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INVENTING THE FUTURE: AI and CS in the 21st Century
A Symposium in Honor of Raj Reddy's 60th Birthday

AI and Computer Science have had a profound impact on society during the last four decades. Carnegie Mellon hosted this symposium to coincide with and in honor of Raj Reddy's "Over the Hill" 60th Birthday. Raj has been an influential figure in the Computer Science Community at Carnegie Mellon and on the national scene. We used this occasion for reviewing the past successes and future challenges in AI and Computer Science.

The selection of topics for the symposium were limited to areas in which Raj has had substantial influence. The symposium used past successes and failures as a prologue for future opportunities in the 21st century in the areas of Speech, Vision, Language, Robotics, Digital Libraries, Computer Systems and AI Grand Challenges. The list of speakers included experts in these areas, who Raj has had an opportunity to interact with during the past 30 years.

Session 1: AI Grand Challenges
Session Chair: James Morris, Carnegie Mellon University

Edward Feigenbaum, Stanford University
Future of Information Technology
Ed Fredkin
The Long Range Future of Computation: Possibilities and Limitations
Herbert A. Simon, Carnegie Mellon University
Robotics' Growing Role in Cognitive Science
4 June 1998

Session 2: Speech Technologies
Session Chair: Roni Rosenfeld, Carnegie Mellon University

James Baker, Dragon Systems
Speech Recogntion: Where Do We Go From Here?
Victor Lesser, University of Massachusetts
Evolution of Hearsay-II (Blackboards) as an Architecture for
Interpretation Problems
Xuedong Huang, Microsoft Corporation
Can We Handle Unrestricted Dialogs?
4 June 1998

Luncheon Presentation
Introduction: William Scherlis, Carnegie Mellon University

Robert Kahn, Corporation for National Research Initiatives
The Evolution of High Speed Networking
4 June 1998

Session 3: Language Technologies
Session Chair: Richard Stern, Carnegie Mellon University

Victor Zue, Massachusetts Institute of Technology
Wreck a Nice Beach in Four Decades
Jaime Carbonell, Carnegie Mellon University
Cybernauts and Synthetic Documents: A Glimpse Beyond the Web
Wayne Ward, Carnegie Mellon University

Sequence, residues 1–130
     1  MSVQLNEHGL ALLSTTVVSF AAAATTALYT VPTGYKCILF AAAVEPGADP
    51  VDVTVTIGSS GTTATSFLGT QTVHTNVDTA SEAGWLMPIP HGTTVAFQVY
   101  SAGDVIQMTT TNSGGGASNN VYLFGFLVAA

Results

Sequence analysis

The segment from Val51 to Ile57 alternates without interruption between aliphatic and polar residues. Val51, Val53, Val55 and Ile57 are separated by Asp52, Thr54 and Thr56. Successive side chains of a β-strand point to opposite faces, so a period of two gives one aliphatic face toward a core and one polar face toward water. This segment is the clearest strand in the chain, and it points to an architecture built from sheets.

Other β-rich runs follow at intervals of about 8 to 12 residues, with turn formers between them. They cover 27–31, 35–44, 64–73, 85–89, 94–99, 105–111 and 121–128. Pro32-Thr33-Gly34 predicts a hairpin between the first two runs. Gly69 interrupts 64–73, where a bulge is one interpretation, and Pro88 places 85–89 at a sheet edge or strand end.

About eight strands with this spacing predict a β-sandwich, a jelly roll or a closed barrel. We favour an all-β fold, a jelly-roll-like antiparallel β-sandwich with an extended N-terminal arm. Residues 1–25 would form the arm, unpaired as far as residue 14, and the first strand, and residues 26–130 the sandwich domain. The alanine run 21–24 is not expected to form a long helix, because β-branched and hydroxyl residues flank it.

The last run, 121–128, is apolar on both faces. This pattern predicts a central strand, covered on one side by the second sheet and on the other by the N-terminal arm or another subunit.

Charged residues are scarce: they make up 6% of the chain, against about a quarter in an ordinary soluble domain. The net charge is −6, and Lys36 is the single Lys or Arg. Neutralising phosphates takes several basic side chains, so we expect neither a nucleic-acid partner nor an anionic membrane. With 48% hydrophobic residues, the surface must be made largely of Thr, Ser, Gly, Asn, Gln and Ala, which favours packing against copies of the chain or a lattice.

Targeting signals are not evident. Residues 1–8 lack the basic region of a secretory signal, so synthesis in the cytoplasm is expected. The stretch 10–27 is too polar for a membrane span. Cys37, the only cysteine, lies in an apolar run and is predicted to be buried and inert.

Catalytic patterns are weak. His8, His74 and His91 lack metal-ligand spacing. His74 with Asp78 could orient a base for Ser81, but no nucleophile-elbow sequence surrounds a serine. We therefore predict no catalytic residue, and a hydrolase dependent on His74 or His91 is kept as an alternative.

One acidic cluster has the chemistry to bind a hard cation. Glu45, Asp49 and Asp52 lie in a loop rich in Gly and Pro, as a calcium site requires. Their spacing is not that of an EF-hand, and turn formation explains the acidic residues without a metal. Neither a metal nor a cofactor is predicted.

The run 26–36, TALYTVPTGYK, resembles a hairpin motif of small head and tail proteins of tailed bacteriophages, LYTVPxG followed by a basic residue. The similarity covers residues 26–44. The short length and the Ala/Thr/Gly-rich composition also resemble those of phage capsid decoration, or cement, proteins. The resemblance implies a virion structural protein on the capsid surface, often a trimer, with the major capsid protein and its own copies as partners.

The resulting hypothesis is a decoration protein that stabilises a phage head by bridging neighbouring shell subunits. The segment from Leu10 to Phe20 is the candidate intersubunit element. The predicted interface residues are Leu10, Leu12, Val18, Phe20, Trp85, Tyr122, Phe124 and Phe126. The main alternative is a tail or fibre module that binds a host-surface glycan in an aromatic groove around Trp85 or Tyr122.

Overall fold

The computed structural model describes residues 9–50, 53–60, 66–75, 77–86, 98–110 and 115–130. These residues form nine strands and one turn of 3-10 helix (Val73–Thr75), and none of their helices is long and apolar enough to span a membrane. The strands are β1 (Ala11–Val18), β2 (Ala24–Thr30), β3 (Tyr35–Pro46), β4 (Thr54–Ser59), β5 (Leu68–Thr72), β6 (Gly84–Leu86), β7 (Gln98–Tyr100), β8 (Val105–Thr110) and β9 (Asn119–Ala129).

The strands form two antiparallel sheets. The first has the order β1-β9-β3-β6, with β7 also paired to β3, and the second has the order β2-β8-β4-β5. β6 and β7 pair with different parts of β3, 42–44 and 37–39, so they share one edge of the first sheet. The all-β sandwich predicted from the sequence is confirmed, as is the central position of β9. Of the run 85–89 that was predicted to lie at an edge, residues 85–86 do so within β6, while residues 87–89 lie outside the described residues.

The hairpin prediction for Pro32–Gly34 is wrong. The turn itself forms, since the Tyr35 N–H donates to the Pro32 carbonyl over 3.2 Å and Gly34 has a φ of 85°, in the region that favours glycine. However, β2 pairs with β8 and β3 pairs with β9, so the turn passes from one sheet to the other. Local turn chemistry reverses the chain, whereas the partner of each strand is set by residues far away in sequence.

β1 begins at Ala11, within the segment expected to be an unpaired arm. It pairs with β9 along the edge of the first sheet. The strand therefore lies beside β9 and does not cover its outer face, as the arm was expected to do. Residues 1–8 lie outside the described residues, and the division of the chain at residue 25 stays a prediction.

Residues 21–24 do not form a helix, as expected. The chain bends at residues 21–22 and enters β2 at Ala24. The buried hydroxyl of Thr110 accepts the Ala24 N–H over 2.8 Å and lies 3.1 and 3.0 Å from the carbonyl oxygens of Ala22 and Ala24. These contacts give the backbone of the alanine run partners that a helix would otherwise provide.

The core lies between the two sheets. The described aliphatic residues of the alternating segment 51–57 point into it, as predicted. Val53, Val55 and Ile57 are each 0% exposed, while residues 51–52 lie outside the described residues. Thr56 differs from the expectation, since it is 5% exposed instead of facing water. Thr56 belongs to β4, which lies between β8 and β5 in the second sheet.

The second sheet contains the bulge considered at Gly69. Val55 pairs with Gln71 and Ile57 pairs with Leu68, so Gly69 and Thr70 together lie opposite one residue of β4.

Conversational Animated Agents: Interface to the Electronic World
4 June 1998

Session 4: Computer Vision
Session Chair: Chuck Thorpe, Carnegie Mellon University

Takeo Kanade, Carnegie Mellon University
The 3D Dome: Digitizing a 3D Time-Varying Events into a Computer
Katsushi Ikeuchi, University of Tokyo
Modeling from Reality
David McKeown, Carnegie Mellon University
Image Processing to Image Understanding, Signal to Symbol to
4 June 1998

Session 5: Digital Libraries
Session Chair: Mary Shaw, Carnegie Mellon University

Howard Wactlar, Carnegie Mellon University
Informedia Immortality-on-Demand: Searchable Video as a Form of
Personal Memory
Michael Shamos, Carnegie Mellon University
The Universal Information Resource: All the World's Knowledge
Robert H. Thibadeau, Carnegie Mellon University
Experiments with 100,000,000 People
4 June 1998

Panel Discussion
Session Chair: Tom Mitchell, Carnegie Mellon University
4 June 1998

Dinner Presentation

Introduction: Duane Adams, Carnegie Mellon University
Michael Dertourzos, Massachusetts Institute of Technology
What Will Be...for Techies
4 June 1998

Session 6: Computer Systems
Session Chair: Daniel Siewiorek, Carnegie Mellon University

Roberto Bisiani, University of Milan
Parallel and Distributed Processing: Mere Routine or Exciting Future?
George Robertson, Microsoft Corporation
Leveraging Human Capabilities
Andreas Nowatzyk, Digital Equipment Corporation
1 Mouse = 17,000,000,000,000,000 Bytes: Computational Challenges
in High-Throughput Microscopy
5 June 1998

Session 7: Robotics
Session Chair: Pradeep Khosla, Carnegie Mellon University

Paul Wright, University of California at Berkeley
CyberCut: A Networked Manufacturing Service
Dean Pomerleau, Carnegie Mellon University
Life in the Fast Lane: Progress Towards Self Driving Cars
Mark Fox, University of Toronto
5 June 1998

Luncheon Presentation

Introduction: Angel Jordan, Carnegie Mellon University
Tom Murrin, Duquesne University
World Class Manufacturing and Global Leadership
5 June 1998

Concluding Thoughts
Raj Reddy, Carnegie Mellon University
5 June 1998

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